Foraging for edible wild plants can result in a bounty of fresh food ideas including acorn bread, cattail flour, dandelion salad, turtle soup and more.
Bitter dandelion greens make a great addition to a spring salad while the root, dried, ground and added to boiling water makes a wonderful tea.
PHOTO: MOTHER EARTH NEWS STAFF
I hope no one who reads this article will ever go to bed hungry again. There is free food all around us. Here in Wisconsin it is impossible to walk through any field or forest and not spot dozens of edible wild plants. There are acorns, cattails, milkweeds, dandelions and many others. Look closely and you'll also see many edible and unprotected animals and birds. Turtles claw along sandy roads. Woodchucks peer from grassy knolls. Gophers sit up like tent pins. Crows and blackbirds whisk overhead. And, every time you pass a pond or river, you are passing fish and clams and crayfish and frogs.
I speak from experience, having studied wild foods for years and having spent many weekends living entirely on foraged fare. Last year I passed my final exam by living the entire month of August on wild foods alone. All my foraging was done on weekends and after a regular eight-hour work day, and I never felt a serious hunger pang. Matter of fact, I gained two pounds. This article details some methods and recipes for finding and using wild foods.
One thing to watch for is the tendency of a year to produce bumper crops of a food source. Last year, here in Southern Wisconsin, it was acorns. Acorns fell to the ground so thickly that even a multitude of squirrels could not begin to store them. This spring, when the snow melted, so many acorns lay on oak shaded lawns that homeowners earnestly discussed ways of raking them. To me, of course, it was all manna from Heaven.
Experts say there are 54 varieties of oak in the United States and most bear acorns. Nearly all can be classified in either the White or the Black (sometimes called Red) Oak group. The White Oak family matures a sweet acorn in one year while Red Oak acorns grow more slowly, mature when they are two years old, and are usually more bitter. In our area, we find the best-eating acorns by selecting the biggest ones. All acorns are edible and the biggest ones are usually the sweetest.
The degree of bitterness in acorns is caused by the amount of tannin in the meat of the nut, and tannin is soluble in water. To make acorns edible first peel or shell the nut.
Peeling can be done with a wide variety of gadgets. One of the best combinations for small amounts is a nut cracker and nut pick. A hammer and helper are advised for larger operations! The helper sorts meat from shells after the hammer has smashed them.
When you have separated a good amount of acorn meat from the shells, washing out the tannin is next. You can do this Indian-style if you have plenty of time. Smash or grind the meats into fine meal and then build a leach plant. An Indian leach plant resembles an eagle's nest and is made by draping a cloth over a loose hollow of substantial twigs. The cloth is pushed into a lining for the nest and acorn meal is spread in a half-inch layer over the bottom. Slowly pour water over this layer until the meal is sweet or neutral to the tongue.
Two things to keep in mind when using this method are to locate the leach plant on a peak or rock and locate it beside water. You want plenty of water available, but you want it to be able to drain away when it has filtered through the meal.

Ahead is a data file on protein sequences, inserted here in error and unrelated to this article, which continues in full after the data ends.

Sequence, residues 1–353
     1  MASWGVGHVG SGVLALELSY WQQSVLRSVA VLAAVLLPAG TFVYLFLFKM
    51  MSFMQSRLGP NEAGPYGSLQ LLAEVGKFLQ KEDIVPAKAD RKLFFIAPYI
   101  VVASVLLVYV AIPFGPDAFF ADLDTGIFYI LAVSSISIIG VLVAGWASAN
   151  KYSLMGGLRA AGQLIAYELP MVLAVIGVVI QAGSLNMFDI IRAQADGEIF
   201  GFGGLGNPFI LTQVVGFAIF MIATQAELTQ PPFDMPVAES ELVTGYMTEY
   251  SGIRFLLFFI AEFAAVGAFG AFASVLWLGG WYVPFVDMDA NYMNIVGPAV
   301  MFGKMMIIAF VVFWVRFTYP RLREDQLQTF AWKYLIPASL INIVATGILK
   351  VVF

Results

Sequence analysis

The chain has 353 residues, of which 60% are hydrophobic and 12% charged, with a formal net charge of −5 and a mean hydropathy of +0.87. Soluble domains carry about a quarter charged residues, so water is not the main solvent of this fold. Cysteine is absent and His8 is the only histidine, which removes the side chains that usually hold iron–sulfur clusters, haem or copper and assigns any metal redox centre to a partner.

A second and faster method of leaching meal is to grind the acorns and drop them in boiling water. When the water gets very dark, dump it out, add fresh water and boil again. Two or three changes of water will usually be enough. Place the meal in a mesh strainer or porous cloth bag and dangle it in an unpolluted stream for about 12 hours and the processing is finished for you with hardly any effort.
When the acorns are processed, dry and grind them again. This time grind them really fine and you will have a good brown flour that can be used for most cooking and baking. Some recipes that turn me on are acorn bread, acorn flapjacks and acorn cake.
Acorn bread is made by mixing four cups of acorn flour with three tablespoons of butter, two-thirds cup of sugar, three teaspoons of baking powder, 1-1/3 teaspoon of salt, two eggs and two cups of milk. Mix the ingredients in a large pan, beat well and spoon into bread pans. Bake at 350 degrees Fahrenheit for 20 minutes.
Flapjacks are made by adding one teaspoon of baking powder, dash of salt and one egg to one cup of acorn flour. Add milk until this mixture pours well and bake it on a smoking griddle. Serve hot with butter and jelly.
Acorn cake beats any prepared mix I've ever eaten. It's made by mixing one cup of wheat flour and one cup of acorn flour with 1/2 cup butter or margarine. Beat this together and then add one cup sugar, three eggs and one cup milk. Mix very well and bake at 350 degrees Fahrenheit for 45 minutes.
Sometimes you will want to enjoy acorn meats in large natural chunks. When you do, boiling is the best way to leach them. After this processing, a very good roasted nut can be made with whole, processed acorn meats by additionally boiling them in heavy salt brine for 15 minutes. Remove from the brine, dry the kernels on a napkin and then roll them till toasty crisp in a frying pan containing one quarter-inch of bubbling hot vegetable oil.
Whole processed acorn meats also can be pickled by covering them with hot vinegar and pickling spices. Two months in a jar does the delicious trick.
I have beaten acorn chunks, like nut meats, into cakes and muffins and found they were more than palatable. I also have parched acorns by the same methods used to make the roasted nuts and then boiled them until they dissolved. Result: Acorn coffee.